The Little Hours (comedy, Alison Brie. Rotten Tomatoes: 77%. Metacritic: 69. From Jeannette Catsoulis’ New York Times review: “A randy handyman, naughty nuns and a clothing-optional coven cause no end of agita in ‘The Little Hours,’ a 14th-century farce that, given its comically credentialed players, ought to be a great deal funnier. Inspired by stories from Giovanni Boccaccio’s ‘The Decameron’ — seasoned with a sprinkling of Monty Python — the writer and director, Jeff Baena, turns an Italian convent into a hotbed of repressed desires. Boccaccio might have had medieval audiences rolling in the aisles, but Mr. Baena squanders an R rating and a roster of household names while managing to raise little more than a smile.” Read more…)

New Blu-Ray
Baby Driver

New Foreign DVDs
The Lure (Poland, horror/musical, Marta Mazurek. Rotten Tomatoes: 84%. Metacritic: 72. From A.O. Scott’s New York Times review: “As folkloric Polish musical sex-comedy horror movies go, ‘The Lure’ is pretty interesting. The first feature directed by Agnieszka Smoczynska, the film follows two mermaid sisters onto land, where they look for love, feast on human flesh and find work singing and stripping at a nightclub that might have come from an early David Lynch movie or a vintage-’80s music video.” Read more…)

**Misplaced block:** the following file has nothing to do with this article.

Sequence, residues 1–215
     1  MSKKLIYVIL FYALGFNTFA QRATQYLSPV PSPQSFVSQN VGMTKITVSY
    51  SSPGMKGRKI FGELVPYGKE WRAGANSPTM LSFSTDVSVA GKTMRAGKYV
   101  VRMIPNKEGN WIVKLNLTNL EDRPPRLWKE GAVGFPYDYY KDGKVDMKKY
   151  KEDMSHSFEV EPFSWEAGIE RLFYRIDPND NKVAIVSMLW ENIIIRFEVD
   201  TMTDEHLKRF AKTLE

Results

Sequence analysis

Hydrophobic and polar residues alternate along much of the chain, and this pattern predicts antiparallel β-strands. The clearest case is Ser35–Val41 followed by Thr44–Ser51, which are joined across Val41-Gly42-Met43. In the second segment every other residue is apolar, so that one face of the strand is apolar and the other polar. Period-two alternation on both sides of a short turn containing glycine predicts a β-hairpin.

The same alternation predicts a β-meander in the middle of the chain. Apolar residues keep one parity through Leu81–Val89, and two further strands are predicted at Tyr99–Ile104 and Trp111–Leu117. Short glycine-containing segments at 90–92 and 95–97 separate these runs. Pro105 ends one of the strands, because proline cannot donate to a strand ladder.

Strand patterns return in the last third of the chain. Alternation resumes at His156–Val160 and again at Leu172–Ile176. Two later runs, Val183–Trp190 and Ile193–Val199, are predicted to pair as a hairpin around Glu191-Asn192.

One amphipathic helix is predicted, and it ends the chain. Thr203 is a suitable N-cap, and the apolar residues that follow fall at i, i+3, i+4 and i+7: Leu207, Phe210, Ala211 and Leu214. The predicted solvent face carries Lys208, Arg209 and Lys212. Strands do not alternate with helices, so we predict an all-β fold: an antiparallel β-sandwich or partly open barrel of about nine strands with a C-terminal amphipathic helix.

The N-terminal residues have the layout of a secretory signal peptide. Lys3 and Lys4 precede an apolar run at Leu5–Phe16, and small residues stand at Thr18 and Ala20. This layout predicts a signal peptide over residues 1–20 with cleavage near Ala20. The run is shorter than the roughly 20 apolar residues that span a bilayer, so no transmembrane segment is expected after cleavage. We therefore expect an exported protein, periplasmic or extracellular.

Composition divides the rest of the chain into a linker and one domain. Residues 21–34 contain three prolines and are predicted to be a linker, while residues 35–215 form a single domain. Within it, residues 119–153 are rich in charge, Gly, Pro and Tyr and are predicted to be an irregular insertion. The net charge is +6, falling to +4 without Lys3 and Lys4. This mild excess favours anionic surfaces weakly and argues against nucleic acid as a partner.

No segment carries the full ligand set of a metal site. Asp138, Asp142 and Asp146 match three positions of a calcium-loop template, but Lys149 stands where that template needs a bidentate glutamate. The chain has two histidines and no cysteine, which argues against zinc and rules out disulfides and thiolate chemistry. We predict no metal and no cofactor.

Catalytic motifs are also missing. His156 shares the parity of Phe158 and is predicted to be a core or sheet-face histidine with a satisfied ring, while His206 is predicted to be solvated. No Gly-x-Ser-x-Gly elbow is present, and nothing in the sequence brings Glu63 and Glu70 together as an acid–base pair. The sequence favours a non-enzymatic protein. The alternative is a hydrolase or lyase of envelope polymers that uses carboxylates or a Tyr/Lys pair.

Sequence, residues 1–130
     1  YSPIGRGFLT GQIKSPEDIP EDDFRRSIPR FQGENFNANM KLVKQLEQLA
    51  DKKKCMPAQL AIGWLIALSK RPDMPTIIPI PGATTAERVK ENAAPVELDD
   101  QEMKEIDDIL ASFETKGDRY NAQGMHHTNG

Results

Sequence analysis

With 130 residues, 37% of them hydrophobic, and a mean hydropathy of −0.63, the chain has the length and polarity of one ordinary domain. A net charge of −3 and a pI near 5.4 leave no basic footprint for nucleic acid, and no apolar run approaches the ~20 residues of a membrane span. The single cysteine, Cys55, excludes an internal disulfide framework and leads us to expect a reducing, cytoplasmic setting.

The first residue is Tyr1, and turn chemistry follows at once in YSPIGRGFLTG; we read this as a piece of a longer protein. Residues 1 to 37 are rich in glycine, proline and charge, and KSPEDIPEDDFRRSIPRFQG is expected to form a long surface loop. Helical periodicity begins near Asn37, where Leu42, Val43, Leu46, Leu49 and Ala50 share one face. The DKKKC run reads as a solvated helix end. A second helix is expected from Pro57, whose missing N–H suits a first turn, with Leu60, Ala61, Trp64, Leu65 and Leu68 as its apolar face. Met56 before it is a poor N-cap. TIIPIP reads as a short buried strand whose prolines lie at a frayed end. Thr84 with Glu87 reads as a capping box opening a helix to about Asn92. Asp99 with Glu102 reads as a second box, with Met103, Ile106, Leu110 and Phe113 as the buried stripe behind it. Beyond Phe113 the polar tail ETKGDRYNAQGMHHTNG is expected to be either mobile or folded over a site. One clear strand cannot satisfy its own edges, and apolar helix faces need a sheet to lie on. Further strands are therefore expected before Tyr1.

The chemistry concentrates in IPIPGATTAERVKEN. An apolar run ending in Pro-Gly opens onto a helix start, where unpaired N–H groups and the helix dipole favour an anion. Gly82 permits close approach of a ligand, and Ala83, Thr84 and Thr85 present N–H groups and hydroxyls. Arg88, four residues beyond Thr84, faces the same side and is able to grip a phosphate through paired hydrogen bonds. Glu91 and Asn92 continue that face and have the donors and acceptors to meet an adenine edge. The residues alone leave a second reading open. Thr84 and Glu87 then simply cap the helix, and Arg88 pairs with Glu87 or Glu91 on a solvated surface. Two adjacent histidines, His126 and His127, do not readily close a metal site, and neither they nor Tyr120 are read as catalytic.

Le Gai Savoir (1969, France, Jean-Luc Godard-directed political drama, Jean-Pierre Léaud. From Vincent Canby’s 1969 New York Times review [requires log-in]: “In this time of increasingly personal cinema, the films of Jean-Luc Godard make those of most of his contemporaries look about as original and individual as monogramed Volkswagens… What Godard finally made is a kind of treatise on the need for de-education, particularly in relation to language and the meaning of words. It is a film whose style is very much its content, which, actually, is somewhat less revolutionary than a description of it makes it appear. I suspect that when Godard ultimately makes his most revolutionary movie, he will have found a way to dispense with camera, film, projector, screen and, perhaps, even audience. In ‘Le Gai Savoir’ Godard is still communicating with us by means of beautiful, comparatively conventional, if fragmented, images and sounds.” Read more…)